Ecoclub Member Blogs

Carol’s travel writing has been featured in BBC Travel, Roads and Kingdom, Fodor's, Alaska Magazine, Red Deer Advocate and Avenue magazine and she is the author of several books including Sustainable Tourism: Business Development, Operations and Management. You can tag along on Carol’s adventures on her YouTube channel or on Instagram at thecarolpatterson

How a trip to Portland turned me into a dancing grebe stalker

190615-ca Dancing Grebes
I’d never paid much attention to grebes one of our prettiest but elusive waterfowl until I got the chance to see grebes dancing. Then I was all in. I boned up on grebe behavior and watched a David Attenborough video of two grebes – chicken-sized waterfowl - running across a lake on their toes in a perfectly synchronized dance. It looked stunning.  At the YYC airport I waited to board WestJet’s inaugural flight from Calgary to Portland April 29. With free munchies and selfies with the flight crew, the departure lounge had a party vibe. “Why are you going to Portland?” asked a fellow traveler. “I’m going to see dancing grebes,” I replied. Her brows scrunched together in confusion. “Dancing grapes?” she uttered. “No, dancing grebes. They are a type of waterfowl and one of the best places to see their courtship is in Southern Oregon. Portland’s a great place to...
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5 Reasons you will want to visit this Victoria, B.C. neighborhood

5 Reasons you will want to visit this Victoria, B.C. neighborhood
“Don’t think there are no crocodiles because the water is calm” Malay proverb Victoria is often linked with afternoon teas and retirement condos for seniors but as I slipped into Oak Bay, a small community in the Victoria capital region, I discovered an unexpectedly eclectic destination; much of it was hidden in plain sight. Oak Bay has it’s own sea monster Although Oak Bay is only a ten minute drive from downtown Victoria this municipality of 18,000 boasts its own police force, a main street that closes for tea party races, two marinas, and its own sea monster. Popular with British settlers, hence the moniker “behind the tweed curtain”, Oak Bay streets are dotted with Faux Tudor architecture and manicured flowerbeds. I settled into a chair overlooking Haro Strait at the Oak Bay Beach Hotel and sipped a pinot gris as I watched visitors enter The Snug pub. According to the...
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My hotel - the Inn at Laurel Point - had dead people helping manage it

My hotel – the Inn at Laurel Point – had dead people helping manage it. I’d heard Victoria was a great place for the newly wed and nearly dead. But I hadn’t heard read more 
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IMPACT Sustainability Travel & Tourism 2018 sets new tone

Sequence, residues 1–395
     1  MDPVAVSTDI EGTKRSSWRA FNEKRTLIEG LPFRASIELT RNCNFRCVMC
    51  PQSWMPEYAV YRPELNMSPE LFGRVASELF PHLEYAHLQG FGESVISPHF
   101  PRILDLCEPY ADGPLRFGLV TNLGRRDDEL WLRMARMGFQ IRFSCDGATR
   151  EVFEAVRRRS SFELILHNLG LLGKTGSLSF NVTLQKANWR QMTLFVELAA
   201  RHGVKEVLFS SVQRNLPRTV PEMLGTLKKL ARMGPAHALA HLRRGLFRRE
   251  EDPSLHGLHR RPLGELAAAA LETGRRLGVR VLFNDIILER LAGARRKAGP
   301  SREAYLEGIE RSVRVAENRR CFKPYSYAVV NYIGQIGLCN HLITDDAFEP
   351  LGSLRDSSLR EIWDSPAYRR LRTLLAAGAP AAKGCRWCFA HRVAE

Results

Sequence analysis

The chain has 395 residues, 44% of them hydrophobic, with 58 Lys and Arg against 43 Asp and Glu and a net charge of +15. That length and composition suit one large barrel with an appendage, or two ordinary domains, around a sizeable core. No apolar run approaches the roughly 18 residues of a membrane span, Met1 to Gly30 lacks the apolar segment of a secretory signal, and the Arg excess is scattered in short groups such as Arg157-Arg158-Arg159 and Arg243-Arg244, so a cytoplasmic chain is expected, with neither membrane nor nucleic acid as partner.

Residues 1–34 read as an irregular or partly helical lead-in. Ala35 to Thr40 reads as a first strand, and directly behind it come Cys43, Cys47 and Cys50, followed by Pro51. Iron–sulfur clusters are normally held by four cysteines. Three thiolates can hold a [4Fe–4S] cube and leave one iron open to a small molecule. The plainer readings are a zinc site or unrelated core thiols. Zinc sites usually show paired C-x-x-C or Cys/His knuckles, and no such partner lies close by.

Did you know a five-star hotel uses 1,800 liters of water per day per visitor? That’s compared to 350 for a three-star or 326 for your average Canadian family. Does this mean you should stay home if you want to help the environment? Attendees at IMPACT: Sustainability Tourism and Travel 2018 in Victoria, British Columbia January 21 – 24 asked plenty of tough questions. With some of the world’s sustainability experts in attendance there were was plenty of lively discussion. More than a conference this event brought together 170 people from across Canada to discuss how tourism can grow in harmony with host communities and the environment. “We did this event because no one was doing a deep dive into this topic,” explained Paul Nursey, President and CEO of Tourism Victoria. Victoria with more carbon-neutral businesses per capita than any other community in Canada is a great location for a summit...
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Celebrating Geography

Carol Patterson made a Fellow of the Royal Canadian Geographical Society
When people discover I’m a travel writer they often ask for my favorite travel destination. I cringe knowing what’s coming next. I say “Canada” and they look disappointed, like someone with a mass of frequent flyer points should long for a Caribbean island or a distant Himalayan kingdom. But the more I travel, the more I love this country. So it was a special day last month when I was made a Fellow of the Royal Canadian Geographical Society (RCGS), an honor bestowed for my contributions to geography and making Canada better known to Canadians and the world. The RCGS has been around since 1929.   Banting - the inventor of insulin - was one of the first fellows, former Alberta premier Peter Lougheed was a fellow, and Alex Trebek of Jeopardy fame is a fellow (and honorary president). Pat Morrow, the second Canadian to climb Everest and his wife Baiba were...